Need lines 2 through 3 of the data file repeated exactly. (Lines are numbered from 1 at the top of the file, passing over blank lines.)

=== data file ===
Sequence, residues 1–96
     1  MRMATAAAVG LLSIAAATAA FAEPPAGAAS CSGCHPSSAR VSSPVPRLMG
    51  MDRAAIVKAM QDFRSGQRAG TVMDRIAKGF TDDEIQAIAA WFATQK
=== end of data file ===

     1  MRMATAAAVG LLSIAAATAA FAEPPAGAAS CSGCHPSSAR VSSPVPRLMG
    51  MDRAAIVKAM QDFRSGQRAG TVMDRIAKGF TDDEIQAIAA WFATQK